- Loss of biodiversity due to habitat destruction.
- Disturbance in the hydrologic cycle.
- Soil erosion.
7. Reforestation : Restoring a forest that once existed is called reforestation.
There can be a natural reforestation or it can be due to human efforts by planting trees. However, when it is due to human efforts the natural biodiversity may be lost.
8. Environmental heroes : Reforestation undertaken by these two environmentalists.
- Saalumara Thimmakka. (Karnataka)
- Moirangthem Loiya (Manipur).
9. Case study of people’s participation in conservation of forests : Following examples show people’s participation in the conservation of forests :
(1) In 1731, Amrita Devi had sacrificed her life to save trees along with other people of Bishnoi’s community. It was the example of sacrificing lives for the cause of saving trees and environment.
Amrita Devi Bishnoi Wildlife Protection Award for individuals or communities from rural areas has been installed by the Government of India.
(2) Chipko Movement is people’s participation for the protection of trees. This happened in 1974 in Garhwal region of Himalayas. Chipko movement has now spread world-wide in which people hug the trees and save it from the axe of tree-cutters.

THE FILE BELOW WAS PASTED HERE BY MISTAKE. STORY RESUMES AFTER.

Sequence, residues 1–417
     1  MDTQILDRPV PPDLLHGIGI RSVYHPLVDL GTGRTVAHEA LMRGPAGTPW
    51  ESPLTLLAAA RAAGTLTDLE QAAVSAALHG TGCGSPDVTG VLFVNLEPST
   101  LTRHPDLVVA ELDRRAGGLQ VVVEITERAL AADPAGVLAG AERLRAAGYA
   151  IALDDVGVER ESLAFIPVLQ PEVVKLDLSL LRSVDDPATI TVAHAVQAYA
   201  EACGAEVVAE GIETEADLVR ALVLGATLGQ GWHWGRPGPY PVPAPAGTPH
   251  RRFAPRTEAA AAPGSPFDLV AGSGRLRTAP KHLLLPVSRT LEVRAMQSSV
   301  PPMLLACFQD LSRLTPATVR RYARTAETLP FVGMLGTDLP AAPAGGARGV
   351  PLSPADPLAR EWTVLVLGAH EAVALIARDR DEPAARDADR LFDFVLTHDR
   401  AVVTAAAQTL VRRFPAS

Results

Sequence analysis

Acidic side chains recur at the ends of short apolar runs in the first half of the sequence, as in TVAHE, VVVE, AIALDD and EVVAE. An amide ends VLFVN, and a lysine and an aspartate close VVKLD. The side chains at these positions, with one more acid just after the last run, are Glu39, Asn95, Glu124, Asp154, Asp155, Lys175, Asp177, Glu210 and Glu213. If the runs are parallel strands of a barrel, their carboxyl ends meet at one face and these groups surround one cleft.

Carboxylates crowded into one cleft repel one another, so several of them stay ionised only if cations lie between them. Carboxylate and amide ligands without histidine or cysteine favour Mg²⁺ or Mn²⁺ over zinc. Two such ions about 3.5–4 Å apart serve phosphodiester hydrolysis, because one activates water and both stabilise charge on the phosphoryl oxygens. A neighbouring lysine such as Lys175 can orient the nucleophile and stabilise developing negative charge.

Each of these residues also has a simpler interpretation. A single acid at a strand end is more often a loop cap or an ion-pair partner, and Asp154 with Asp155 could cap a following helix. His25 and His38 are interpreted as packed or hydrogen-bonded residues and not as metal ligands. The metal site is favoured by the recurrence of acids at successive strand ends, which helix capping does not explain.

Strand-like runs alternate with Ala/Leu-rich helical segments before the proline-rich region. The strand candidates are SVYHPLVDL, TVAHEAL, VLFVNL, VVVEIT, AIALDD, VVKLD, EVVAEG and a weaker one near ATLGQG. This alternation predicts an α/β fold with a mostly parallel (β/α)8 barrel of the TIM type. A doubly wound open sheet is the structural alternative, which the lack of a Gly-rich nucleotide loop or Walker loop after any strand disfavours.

(3) Joint Forest Management (JFM) has been introduced by the Government of India in 1980s for working with the local communities for protection and management of the forests. It is an attempt to conserve forests in a sustainable matter.
Mission Harit Maharashtra-
- Government of Maharashtra has decided to plant 50 crore trees, district-wise in 4 years, starting from in the year 2016.
- National Forest Policy (NFP) aims at maintaining 33% forest cover in India. This decision of government is in tune with NFP
- Helpline number 1926 called ‘Hello Forest’ has been set up to provide information regarding plantation, protection and for mass awareness.
- Mobile application called ‘My Plants’ to record details of the plantation such as numbers, species and location.
- Japanese Miyawaki method of plantation has been adapted in districts like, Beed, Hingoli, Pune, Jalgaon, Aurangabad, etc.
Know your conservatonist;
- Seed mother of Maharashtra, Rahibai Popere, from Ahmednagar district, runs seed bank for 54 crops and 116 varieties.
- Crops include wild varieties of brinjal, guava, mango, spinach, methi, millets, pulses, hyacinth beans and peas.
- Farmers and students are also trained by her for seed selection, enhancement of soil fertility, pest management and control.
- She is on BBC list of ‘100 women, 2018, along with 3 more Indian women.